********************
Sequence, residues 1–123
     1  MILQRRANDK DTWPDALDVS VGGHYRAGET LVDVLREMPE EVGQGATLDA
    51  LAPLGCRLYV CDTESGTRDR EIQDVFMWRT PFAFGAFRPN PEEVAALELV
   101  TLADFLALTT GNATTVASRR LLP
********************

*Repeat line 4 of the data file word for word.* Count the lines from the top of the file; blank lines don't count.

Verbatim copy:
   101  TLADFLALTT GNATTVASRR LLP